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Fundraising Fundamentals, Section 9.2


Engaging Institutional Leadership

Most development directors will say that without the support of the institution’s leadership, development and fundraising at the institution will not thrive.

Most leaders are committed to supporting their development directors, but maintaining that critical level of commitment and interest over time can be challenging.

A development director needs to invest as much in the relationship with his or her institutional leader as in the relationship with the institution's best donor. Regularly updating and engaging institutional leadership will enable those leaders to be stronger champions for your efforts.

This support can be achieved in a number of ways:

  • Deliver frequent, appropriate and timely communications. The leaders of institutions are extremely busy and need information to be given to them in ways that are easily accessible and timely (e.g., an executive summary with thoughtful notes versus a lengthy report to read).
  • Put formal reporting and monitoring mechanisms in place. Establish what report your leader would like and when (e.g., a quarterly financial report for the quarterly finance review or a biweekly one-page summary of department activities, progress and action items). Agree on what is appropriate, and stick to the regime.
  • Make your expectations clear and establish boundaries. It can be daunting for a new development director to demand time from an institution’s leader, but it must be done. Development directors have a responsibility to give leaders a clear indication of the time they need to set aside and to make sure that this time is used wisely.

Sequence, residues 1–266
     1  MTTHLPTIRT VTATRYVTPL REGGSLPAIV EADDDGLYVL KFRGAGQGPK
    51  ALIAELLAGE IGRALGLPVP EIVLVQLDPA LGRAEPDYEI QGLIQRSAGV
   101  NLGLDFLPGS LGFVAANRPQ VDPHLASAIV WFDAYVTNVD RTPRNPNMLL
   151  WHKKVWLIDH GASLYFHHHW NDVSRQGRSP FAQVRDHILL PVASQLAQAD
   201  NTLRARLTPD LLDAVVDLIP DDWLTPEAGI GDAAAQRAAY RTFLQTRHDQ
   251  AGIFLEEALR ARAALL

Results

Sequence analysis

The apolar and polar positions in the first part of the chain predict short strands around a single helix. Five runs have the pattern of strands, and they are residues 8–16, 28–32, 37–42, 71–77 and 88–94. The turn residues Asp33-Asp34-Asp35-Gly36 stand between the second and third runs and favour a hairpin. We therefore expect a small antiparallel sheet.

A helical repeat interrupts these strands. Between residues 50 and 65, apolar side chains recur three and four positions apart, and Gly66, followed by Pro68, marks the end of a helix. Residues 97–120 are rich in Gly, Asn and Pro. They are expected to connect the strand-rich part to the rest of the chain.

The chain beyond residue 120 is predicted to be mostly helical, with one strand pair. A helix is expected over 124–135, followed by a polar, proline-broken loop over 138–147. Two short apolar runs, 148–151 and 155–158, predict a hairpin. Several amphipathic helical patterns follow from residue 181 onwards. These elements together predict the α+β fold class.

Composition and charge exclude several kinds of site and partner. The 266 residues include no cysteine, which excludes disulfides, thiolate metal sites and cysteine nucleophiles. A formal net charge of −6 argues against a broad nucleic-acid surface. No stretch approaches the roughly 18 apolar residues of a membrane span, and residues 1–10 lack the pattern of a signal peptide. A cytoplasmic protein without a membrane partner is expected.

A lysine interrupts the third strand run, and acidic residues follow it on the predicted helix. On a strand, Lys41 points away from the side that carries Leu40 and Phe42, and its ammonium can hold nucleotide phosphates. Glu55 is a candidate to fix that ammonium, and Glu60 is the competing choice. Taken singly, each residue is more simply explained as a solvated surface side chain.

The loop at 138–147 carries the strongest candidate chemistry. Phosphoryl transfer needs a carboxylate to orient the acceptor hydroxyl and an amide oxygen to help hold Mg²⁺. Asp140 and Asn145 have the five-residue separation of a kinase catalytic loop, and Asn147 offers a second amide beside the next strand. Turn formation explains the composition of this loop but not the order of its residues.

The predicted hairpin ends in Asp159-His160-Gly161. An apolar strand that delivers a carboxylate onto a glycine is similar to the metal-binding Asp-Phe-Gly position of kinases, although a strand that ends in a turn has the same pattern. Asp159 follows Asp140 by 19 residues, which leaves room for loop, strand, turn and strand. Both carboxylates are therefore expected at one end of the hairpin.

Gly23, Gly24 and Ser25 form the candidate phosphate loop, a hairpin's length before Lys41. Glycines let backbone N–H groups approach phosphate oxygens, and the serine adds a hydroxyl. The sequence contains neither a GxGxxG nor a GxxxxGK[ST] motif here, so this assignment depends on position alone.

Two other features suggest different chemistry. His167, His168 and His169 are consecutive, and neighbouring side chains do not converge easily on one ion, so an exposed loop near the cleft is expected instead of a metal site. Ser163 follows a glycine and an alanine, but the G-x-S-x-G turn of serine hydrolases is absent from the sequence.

• Make it easy for your institution’s leader to be involved in the fundraising process, but remember that they may be new to this process and require your support whilst they build their own experience.
  • Identify appropriate training for your leadership team and encourage them to network with leaders of comparable institutions to understand and share best practices.
  • Do not keep serious issues from your leadership team. Share significant challenges with them and engage them in finding solutions before issues escalate and become a threat to the institution.
  • Respect one another’s expertise and skills.
  • Celebrate and recognize successes often!

Action Items
  • Prioritize the relationship with institutional leadership (as you would an major donor). The more leaders are engaged in an efficient and meaningful way, the better they can support your success.
  • When forging this relationship, ask about expectations and preferred communication, engagement and reporting methods. Check in regularly to see if these expectations are being met and methods still effective.

You Might Also Want to Read:

Reasonable expectations
The role of leadership


CASE provides information on campus/internal relations, as well as articles such as "Managing Up," to support your engagement efforts.

Shirley Pearce describes how vice-chancellors need to be flexible and well-prepared by their development team.
Thomas describes how his development office is funded and budgeted.
Manders talks about the role of the vice-chancellor, and how development teams can engage and work with senior leadership.
Lori Manders talks about the role of leadership and the vice-chancellor, and how they need to provide the big vision but also be accessible on a day-to-day basis.